In 2018, Russia, for the first time in their history, will invite the world to celebrate the largest single sporting event across 11 host cities. But when the invitations for the World Cup are sent riddled with potentially homophobic and racial slurs that appear to be so omnipresent within their community, many travelling fans from the 31 qualified countries may simply decline.
Moscows recent stadium bans
CSKA Moscow along with Manchester City players held a UEFA ‘No to Racism’ banner aloft before their Champions League tie to an empty Arena Khimki on Tuesday evening. UEFA’s decision to play the match behind-closed-doors came after travelling fans were accused of racial behaviour during their away trip in Rome last month. The decision is just one of a long line of ill-mannered problems that have arisen from the country in recent months.
This is CSKA’s third UEFA sanction in less than a year and it stimulates the question: Why are Russia’s ruling body allowing one of their countries most highly decorated football teams, a regular participant in Europe’s elite competition and a side that should lead by example, to depict a dreary image of the Russian community four years before their second major event in recent times?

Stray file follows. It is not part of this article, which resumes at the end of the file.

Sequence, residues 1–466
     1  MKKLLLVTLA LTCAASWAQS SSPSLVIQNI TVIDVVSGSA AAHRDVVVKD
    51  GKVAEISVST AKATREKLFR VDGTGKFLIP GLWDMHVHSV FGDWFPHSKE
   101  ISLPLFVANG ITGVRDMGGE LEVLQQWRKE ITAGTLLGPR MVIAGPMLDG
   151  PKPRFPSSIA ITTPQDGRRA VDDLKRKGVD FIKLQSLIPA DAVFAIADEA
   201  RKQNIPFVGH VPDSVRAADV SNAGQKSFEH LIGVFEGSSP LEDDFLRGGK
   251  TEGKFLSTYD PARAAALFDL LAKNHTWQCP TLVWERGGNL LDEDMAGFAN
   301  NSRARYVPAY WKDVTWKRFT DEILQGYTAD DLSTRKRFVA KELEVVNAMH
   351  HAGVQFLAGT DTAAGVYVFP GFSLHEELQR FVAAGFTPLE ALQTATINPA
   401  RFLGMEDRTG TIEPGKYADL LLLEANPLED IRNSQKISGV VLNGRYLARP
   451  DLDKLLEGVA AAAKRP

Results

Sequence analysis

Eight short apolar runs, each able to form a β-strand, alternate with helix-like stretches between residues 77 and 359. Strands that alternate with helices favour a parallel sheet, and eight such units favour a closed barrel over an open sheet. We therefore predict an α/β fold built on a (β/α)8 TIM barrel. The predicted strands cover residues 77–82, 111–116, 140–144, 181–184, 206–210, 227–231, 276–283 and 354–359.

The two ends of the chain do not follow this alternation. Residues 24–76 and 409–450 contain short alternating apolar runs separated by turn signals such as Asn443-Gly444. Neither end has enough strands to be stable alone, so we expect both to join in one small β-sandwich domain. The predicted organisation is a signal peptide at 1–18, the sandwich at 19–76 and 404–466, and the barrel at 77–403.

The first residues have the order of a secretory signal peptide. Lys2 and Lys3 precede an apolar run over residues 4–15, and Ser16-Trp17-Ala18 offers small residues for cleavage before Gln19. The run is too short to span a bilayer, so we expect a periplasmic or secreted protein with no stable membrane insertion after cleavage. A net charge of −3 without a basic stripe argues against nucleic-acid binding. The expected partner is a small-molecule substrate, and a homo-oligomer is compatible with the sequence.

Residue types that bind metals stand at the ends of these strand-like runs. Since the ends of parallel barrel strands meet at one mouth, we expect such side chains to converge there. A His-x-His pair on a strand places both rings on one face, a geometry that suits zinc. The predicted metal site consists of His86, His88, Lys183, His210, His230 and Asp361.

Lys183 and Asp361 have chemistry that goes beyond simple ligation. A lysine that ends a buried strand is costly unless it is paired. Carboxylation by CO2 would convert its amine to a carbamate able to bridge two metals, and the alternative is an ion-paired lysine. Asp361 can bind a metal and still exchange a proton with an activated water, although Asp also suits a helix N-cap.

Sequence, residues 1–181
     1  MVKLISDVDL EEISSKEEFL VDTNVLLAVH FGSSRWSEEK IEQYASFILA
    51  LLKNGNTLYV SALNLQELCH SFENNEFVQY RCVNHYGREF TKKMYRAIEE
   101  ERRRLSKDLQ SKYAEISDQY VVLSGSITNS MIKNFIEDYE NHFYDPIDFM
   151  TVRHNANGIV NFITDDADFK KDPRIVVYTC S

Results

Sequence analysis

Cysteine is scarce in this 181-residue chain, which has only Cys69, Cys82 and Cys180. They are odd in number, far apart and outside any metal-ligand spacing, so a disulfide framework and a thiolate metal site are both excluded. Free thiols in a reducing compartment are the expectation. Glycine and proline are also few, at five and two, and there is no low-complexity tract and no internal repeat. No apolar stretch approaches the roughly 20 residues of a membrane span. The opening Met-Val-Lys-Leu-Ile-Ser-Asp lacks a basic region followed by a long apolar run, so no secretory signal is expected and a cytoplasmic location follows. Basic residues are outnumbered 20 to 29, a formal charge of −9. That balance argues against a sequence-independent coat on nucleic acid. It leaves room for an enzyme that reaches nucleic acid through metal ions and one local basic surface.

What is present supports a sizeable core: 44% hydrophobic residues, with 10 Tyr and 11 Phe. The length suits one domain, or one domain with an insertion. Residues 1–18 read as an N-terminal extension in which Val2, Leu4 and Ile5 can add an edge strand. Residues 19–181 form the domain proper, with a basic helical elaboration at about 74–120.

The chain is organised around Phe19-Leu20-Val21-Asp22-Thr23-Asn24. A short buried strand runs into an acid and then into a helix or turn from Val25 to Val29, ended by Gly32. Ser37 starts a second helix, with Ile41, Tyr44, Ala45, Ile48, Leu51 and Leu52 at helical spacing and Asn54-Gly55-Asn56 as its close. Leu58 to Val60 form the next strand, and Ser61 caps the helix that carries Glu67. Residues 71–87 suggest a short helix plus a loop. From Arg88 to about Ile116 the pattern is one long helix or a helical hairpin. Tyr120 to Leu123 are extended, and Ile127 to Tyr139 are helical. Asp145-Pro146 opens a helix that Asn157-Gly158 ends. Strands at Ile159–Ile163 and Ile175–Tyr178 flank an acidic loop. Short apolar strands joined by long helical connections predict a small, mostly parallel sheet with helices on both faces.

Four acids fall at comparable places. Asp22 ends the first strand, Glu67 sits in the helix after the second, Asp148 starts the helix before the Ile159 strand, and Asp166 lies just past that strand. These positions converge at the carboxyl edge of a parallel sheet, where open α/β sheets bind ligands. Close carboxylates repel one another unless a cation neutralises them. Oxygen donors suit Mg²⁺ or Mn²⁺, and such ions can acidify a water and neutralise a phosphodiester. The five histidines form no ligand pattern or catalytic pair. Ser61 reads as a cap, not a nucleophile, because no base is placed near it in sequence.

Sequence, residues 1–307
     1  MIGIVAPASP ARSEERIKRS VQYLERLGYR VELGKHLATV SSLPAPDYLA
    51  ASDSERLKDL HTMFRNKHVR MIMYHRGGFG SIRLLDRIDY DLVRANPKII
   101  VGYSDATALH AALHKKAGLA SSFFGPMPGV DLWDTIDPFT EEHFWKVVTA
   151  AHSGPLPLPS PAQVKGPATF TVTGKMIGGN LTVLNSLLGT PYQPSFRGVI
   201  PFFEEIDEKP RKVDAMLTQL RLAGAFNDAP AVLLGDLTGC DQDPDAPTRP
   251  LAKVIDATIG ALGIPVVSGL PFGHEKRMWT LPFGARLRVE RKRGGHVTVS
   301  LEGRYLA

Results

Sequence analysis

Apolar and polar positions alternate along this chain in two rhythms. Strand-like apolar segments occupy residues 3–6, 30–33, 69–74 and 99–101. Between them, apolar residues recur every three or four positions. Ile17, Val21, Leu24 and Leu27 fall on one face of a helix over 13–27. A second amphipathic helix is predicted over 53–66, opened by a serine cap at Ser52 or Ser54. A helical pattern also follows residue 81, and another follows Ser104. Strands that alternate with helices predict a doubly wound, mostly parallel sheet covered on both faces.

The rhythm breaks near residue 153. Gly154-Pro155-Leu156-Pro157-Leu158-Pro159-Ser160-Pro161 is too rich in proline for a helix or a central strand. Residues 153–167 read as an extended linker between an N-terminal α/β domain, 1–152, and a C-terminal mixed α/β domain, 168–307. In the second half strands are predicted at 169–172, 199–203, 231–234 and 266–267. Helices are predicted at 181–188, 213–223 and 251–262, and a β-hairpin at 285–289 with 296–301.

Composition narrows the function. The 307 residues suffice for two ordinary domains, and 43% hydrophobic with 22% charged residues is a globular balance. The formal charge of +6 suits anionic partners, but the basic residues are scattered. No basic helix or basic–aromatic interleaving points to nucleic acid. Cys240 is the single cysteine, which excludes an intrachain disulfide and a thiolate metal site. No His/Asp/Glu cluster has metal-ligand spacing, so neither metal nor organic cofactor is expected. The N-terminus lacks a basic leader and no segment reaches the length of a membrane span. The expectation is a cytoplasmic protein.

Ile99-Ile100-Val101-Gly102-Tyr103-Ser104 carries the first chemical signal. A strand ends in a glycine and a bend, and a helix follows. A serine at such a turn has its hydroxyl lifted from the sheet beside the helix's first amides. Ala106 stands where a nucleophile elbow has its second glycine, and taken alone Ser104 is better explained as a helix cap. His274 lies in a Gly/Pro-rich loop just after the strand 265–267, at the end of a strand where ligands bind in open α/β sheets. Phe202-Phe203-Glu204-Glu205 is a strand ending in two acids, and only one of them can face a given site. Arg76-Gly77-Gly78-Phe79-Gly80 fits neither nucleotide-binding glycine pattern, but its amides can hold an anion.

In the same fixture last season Yaya Toure received racial abuse from CSKA fans resulting in a partial stadium closure. Toure later claimed that African nations shouldn’t attend the World Cup if the behaviour were to continue. In reality the racial mentality that has appeared so ripe has continued. The issue is not simply subjective to the city of Moscow, claims have been made that Russian fans gestured with the famous three-finger Nazi salute towards Moldovans during their European qualifying tie earlier this month.
When asked about the obvious racist pandemic that is so widespread in the country Alexey Sorokin, CEO of the 2018 FIFA Russia World Cup Organising Committee claimed the threat “is not one that is unique to Russia.”
His comment may be true; racism is still an issue even in more westernised countries around the world. England hasn’t been exempt from high profile racism during football matches in recent years but unlike Russia, when an issue arises, it is not swept under the proverbial carpet.
Need for change
With the Winter Olympics in Sochi receiving bad publicity due to the LGBT rights demonstrations and the recent war in Ukraine, Russia must perceive the World Cup as a chance to resurrect an already tarnished image of the nation’s stance on their ethics. But when people like Sorokin state they had simply “read that some people use football games to self-express but not to watch football” it portrays a poor image of acknowledging a problem but refusing to act upon it.